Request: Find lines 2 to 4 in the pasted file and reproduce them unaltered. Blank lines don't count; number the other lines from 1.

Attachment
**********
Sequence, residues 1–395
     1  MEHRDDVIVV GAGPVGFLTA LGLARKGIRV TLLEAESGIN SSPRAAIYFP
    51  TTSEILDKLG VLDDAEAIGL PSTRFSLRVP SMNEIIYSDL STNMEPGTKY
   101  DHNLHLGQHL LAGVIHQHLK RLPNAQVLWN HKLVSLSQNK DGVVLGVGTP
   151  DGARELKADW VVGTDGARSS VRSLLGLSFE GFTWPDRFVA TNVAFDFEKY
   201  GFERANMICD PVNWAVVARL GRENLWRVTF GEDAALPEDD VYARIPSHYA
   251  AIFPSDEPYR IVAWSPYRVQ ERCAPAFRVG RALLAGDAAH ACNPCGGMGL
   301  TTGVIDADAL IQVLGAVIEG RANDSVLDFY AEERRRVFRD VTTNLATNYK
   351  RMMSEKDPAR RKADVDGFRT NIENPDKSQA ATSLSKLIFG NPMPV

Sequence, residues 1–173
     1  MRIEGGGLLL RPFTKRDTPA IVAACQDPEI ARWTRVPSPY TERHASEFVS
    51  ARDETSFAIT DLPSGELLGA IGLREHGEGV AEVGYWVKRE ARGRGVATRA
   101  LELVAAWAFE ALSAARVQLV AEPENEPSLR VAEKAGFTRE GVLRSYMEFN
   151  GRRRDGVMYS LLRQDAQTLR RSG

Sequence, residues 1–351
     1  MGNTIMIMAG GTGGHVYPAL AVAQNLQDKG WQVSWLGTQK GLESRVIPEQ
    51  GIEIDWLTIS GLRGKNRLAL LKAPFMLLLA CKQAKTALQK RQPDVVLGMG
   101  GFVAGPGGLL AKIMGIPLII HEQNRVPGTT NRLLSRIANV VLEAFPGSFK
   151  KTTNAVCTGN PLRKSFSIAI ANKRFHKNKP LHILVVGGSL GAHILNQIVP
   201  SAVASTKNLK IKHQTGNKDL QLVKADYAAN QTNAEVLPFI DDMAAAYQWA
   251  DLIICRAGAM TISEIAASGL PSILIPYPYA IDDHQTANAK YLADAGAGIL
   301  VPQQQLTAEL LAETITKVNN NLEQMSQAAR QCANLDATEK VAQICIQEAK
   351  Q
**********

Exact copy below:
     1  MEHRDDVIVV GAGPVGFLTA LGLARKGIRV TLLEAESGIN SSPRAAIYFP
    51  TTSEILDKLG VLDDAEAIGL PSTRFSLRVP SMNEIIYSDL STNMEPGTKY
   101  DHNLHLGQHL LAGVIHQHLK RLPNAQVLWN HKLVSLSQNK DGVVLGVGTP